NS: The main thing that she told us was to enjoy the game, treat it like any other game, because the nerves can get to you on a big day like that. None of us had played in a World Cup final before. She is the most experienced among us, so those words of encouragement set us off on the right foot. And we really wanted to perform for the people back home who had backed us with the money and all the training that we do; people that don't really get recognition for stuff but who were always there. We had something to give back to them and the speech was along those sort of lines.

"We are all quite superstitious and we don't try and move around too much when we are doing well. But you can't really get too nervous. We have got a very good team and we knew that somebody was going to do the job in the end"

NN: What about the hat-trick ball - where did you want to land it?

NS: (laughs) On the stumps. Usually when you are playing club cricket, the hat-trick ball tends to go wide because you are not concentrating. The big thing with that was we had a plan against Sarah McGlashan: to bowl straight, because she is an lbw candidate, and that was my plan and I stuck to it. I just tried to get it full and straight because I knew that she would be nervous. I probably let her off.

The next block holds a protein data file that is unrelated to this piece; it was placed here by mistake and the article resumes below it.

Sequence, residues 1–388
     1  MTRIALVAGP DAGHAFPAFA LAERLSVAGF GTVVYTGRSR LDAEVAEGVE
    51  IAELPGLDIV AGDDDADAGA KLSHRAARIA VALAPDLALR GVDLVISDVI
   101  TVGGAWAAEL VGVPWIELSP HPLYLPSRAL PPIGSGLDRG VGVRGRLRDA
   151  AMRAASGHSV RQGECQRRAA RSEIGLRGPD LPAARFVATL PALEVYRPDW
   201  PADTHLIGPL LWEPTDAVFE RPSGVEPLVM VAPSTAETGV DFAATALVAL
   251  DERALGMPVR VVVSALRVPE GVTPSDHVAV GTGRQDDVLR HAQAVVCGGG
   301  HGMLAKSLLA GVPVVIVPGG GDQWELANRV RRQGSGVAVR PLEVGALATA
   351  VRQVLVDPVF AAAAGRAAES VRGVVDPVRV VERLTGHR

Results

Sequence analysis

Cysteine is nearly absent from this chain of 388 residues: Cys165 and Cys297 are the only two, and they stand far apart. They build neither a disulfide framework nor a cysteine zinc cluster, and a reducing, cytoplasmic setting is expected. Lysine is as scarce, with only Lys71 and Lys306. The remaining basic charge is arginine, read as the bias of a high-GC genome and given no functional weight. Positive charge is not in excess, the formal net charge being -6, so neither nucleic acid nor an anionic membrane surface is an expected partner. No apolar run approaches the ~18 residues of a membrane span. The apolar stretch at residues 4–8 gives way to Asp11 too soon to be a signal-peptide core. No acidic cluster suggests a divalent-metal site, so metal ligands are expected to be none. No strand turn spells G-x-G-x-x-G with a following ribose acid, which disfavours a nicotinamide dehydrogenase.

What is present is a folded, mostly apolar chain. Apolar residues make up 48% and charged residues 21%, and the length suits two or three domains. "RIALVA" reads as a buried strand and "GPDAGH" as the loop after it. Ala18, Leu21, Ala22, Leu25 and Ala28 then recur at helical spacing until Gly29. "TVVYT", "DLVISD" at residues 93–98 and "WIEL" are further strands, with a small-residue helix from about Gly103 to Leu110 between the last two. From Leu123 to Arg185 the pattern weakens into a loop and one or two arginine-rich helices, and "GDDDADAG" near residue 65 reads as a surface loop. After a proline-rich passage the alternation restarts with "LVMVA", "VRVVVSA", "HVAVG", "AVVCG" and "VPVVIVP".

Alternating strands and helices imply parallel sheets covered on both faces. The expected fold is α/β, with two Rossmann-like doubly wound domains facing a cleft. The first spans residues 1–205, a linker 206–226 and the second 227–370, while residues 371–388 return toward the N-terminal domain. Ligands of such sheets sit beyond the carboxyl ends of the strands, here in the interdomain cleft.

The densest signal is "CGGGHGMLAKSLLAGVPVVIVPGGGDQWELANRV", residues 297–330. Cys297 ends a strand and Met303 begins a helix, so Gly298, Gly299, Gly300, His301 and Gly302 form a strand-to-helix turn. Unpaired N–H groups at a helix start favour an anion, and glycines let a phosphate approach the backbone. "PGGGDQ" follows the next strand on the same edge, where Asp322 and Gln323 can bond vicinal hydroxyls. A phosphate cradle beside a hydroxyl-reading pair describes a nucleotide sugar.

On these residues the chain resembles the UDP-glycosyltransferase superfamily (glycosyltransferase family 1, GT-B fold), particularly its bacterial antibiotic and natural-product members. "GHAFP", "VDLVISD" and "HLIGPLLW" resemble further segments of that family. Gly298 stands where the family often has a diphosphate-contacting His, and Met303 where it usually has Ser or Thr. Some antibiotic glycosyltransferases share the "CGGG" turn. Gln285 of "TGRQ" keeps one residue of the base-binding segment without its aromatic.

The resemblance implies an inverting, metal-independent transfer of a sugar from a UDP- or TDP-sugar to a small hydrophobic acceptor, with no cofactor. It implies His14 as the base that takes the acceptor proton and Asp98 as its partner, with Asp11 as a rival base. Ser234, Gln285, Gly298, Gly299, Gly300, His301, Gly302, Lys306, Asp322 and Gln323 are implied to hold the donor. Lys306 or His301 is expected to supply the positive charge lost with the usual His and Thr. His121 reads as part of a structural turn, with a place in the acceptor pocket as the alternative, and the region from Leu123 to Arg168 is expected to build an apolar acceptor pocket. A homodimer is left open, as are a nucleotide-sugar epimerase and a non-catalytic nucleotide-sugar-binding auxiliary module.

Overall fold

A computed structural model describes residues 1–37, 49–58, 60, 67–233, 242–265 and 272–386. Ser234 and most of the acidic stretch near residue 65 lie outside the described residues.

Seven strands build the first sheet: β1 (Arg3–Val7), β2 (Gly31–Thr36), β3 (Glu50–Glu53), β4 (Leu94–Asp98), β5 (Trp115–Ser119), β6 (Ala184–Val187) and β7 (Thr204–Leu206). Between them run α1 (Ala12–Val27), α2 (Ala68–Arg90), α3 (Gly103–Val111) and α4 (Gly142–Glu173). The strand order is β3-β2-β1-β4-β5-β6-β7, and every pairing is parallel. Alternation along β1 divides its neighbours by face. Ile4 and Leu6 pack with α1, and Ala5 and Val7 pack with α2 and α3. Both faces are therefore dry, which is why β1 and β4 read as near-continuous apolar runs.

NN: After bowling New Zealand out for 166, what did you discuss in the innings break?

NS: The North Sydney Oval is a big field and it is a really decent pitch and we thought that 166 was an okay score, probably below-par in terms of what they had got batting-wise. But in a World Cup final any score is a decent score and you have got to go out there and get the runs. Our opening batters set us out on the right foot and then maybe a bit of World-Cup pressure got to us - we lost a couple of wickets. But Claire Taylor batted really well.